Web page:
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Softball Performance Tips – Take a Little Time to Retool

By Ken Krause, Life in the Fastpitch Lane blog

Without a doubt this is a busy part of the fastpitch softball summer season. Tournaments every weekend, for some teams league or scrimmage doubleheaders during the week, and maybe a practice squeezed in here or there.

What that means is very little time to work on individual skills. Some may be able to handle that, but they’re in the minority. For most, all this play time means skills are actually deteriorating.

It makes sense. In a practice setting, a hitter might take 100 to 200 swings in a session. In a game, she’s lucky if she gets 12. That’s a pretty big delta.

Same with fielders. Whereas in a good practice session you may field 50-100 balls or more, you may go a game or two without any significant fielding chances — especially if your team has dominant pitching. Sure, you get some practice during warm-ups, but your focus is different then. It’s on getting ready for this game coming up, not on necessarily improving your skills.

Even pitchers can have it tough. Sure, you’re still throwing a lot of pitches. But the focus will be on the ones that are working. The pressure is on to throw strikes and keep baserunners off the bases, so if you curve is working and your rise is not, the rise isn’t going to get much of a workout.

That’s why it’s important to make time for that sort of deep practice that will keep skills sharp and you playing the way you want to play. Which probably means you’ll have to get out on your own to do it.

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Change Up – The Forgotten Softball Pitch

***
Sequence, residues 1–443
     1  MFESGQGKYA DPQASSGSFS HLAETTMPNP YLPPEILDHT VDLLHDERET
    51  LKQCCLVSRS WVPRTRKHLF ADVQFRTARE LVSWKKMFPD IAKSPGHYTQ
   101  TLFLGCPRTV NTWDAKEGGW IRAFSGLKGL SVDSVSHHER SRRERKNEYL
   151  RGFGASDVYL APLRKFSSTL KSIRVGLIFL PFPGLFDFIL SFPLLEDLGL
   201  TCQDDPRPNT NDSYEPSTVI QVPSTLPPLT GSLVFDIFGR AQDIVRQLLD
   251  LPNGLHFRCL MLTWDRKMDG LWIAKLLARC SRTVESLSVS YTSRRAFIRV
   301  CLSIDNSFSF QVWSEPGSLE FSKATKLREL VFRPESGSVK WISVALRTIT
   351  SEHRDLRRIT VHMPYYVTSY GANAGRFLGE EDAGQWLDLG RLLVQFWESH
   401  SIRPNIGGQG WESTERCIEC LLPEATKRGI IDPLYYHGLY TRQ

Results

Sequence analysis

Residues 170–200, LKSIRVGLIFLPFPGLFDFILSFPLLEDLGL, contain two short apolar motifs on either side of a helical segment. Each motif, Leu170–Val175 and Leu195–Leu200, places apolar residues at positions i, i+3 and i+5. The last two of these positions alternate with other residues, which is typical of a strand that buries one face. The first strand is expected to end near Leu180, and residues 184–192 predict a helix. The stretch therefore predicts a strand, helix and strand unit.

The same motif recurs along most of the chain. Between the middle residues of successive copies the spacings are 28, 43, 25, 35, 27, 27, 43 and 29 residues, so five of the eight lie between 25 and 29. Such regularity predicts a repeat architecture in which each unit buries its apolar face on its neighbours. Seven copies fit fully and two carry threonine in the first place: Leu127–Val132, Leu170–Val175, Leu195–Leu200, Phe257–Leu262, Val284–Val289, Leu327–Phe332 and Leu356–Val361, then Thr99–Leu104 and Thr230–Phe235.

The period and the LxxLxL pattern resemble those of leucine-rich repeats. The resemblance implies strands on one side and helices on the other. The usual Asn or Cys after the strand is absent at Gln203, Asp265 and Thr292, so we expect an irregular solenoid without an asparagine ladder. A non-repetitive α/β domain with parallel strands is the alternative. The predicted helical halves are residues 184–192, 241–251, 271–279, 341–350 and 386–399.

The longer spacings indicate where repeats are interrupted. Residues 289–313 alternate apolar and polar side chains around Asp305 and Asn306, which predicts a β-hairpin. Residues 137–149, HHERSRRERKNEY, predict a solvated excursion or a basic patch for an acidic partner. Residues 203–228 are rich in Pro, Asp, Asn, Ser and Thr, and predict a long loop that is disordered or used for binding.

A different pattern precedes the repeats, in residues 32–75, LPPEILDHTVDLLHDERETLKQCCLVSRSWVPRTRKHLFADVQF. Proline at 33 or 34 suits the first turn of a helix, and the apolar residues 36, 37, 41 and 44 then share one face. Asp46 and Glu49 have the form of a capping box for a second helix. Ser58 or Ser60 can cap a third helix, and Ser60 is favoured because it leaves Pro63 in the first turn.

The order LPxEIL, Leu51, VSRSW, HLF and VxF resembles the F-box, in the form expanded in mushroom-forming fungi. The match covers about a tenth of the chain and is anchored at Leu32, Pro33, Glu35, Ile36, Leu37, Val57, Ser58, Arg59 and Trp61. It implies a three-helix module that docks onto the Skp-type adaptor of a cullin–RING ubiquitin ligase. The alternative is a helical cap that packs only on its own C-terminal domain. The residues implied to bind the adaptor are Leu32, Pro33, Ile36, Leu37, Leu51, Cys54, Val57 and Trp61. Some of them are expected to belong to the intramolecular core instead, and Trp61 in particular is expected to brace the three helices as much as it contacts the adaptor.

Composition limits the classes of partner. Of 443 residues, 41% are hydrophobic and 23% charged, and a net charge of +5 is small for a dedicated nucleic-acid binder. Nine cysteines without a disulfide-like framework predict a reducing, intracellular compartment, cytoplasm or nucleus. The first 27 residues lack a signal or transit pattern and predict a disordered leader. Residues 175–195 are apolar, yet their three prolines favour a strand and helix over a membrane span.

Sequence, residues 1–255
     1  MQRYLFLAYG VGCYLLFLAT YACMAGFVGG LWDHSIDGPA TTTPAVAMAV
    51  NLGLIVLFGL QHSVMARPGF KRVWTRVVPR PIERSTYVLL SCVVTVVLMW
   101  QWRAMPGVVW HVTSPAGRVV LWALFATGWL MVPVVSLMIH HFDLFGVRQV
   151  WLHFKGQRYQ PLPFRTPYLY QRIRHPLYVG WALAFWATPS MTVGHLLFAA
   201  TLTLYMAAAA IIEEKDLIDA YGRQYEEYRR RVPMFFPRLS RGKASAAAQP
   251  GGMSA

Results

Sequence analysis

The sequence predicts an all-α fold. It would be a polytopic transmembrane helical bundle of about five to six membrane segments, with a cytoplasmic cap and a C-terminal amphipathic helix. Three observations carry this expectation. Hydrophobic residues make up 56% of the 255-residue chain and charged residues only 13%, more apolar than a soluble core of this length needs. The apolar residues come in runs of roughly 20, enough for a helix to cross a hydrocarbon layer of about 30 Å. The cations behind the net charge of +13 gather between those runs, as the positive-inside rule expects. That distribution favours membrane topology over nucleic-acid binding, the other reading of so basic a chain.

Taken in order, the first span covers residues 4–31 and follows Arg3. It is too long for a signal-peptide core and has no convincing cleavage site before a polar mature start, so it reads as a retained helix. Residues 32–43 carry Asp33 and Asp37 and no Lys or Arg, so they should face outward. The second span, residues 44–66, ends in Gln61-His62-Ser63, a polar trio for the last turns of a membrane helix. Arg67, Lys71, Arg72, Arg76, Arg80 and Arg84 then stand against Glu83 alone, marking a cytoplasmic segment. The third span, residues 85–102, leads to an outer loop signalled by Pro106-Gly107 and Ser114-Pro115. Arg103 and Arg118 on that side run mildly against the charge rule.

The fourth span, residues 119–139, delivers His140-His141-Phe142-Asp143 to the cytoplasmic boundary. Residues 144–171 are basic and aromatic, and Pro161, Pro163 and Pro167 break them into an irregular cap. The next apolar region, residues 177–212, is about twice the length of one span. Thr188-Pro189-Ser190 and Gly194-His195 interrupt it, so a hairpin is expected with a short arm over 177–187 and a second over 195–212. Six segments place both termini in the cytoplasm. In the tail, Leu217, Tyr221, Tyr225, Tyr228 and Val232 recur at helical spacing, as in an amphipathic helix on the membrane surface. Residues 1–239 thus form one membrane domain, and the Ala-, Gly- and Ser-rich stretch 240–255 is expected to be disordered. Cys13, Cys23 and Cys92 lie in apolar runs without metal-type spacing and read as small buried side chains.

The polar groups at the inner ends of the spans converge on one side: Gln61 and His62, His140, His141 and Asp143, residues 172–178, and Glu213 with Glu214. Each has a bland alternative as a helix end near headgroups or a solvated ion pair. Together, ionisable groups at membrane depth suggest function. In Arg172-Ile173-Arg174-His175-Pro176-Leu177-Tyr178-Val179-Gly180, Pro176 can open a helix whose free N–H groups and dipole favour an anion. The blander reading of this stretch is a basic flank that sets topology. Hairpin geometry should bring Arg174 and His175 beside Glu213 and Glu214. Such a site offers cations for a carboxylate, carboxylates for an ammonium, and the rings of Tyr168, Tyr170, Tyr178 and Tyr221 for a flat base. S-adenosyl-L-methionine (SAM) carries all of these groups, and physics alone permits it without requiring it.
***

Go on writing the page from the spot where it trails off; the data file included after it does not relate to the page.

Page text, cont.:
By Ken Krause, Life in the Fastpitch Lane blog

softballchangeupToday’s topic was actually suggested by member Rex Wooten. He was looking for somebody — anybody — to address this topic.

I’m guess like many of us he sees a lack of changeups being used at the high school and below level. That doesn’t seem right to him, as his email suggests:

“Watched Jenna Caira and Sarah Hamilton pitch winning games this weekend.
Guess what pitch they threw the majority of the time (probably 60-80 %)?
YES – CHANGE-UP !!!!!!!!!!!!!!!!!!!!!!!!!!!!!!!!!!!!!!!”

The changeup as the forgotten pitch is particularly interesting because it’s almost always the second pitch a pitcher learns, after the basic fastball. And it can be devastating. After all, hitting is about timing, and pitching is about upsetting timing. What better way to do that than throw a pitch that looks like it will be fast but comes in slow?

Yet it seems as youngsters either develop more speed or gain other pitches, they no longer have interest in the change. I’ve seen it a lot with “power pitchers” at the high school level.